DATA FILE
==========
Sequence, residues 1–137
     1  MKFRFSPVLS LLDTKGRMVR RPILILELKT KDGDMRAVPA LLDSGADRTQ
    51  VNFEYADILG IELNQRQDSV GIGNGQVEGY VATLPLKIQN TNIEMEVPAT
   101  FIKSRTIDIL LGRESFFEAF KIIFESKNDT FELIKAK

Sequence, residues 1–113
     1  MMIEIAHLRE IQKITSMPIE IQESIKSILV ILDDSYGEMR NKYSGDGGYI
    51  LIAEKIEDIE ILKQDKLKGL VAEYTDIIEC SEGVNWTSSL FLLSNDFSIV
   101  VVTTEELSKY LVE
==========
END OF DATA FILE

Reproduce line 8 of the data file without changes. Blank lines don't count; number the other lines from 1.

   101  VVTTEELSKY LVE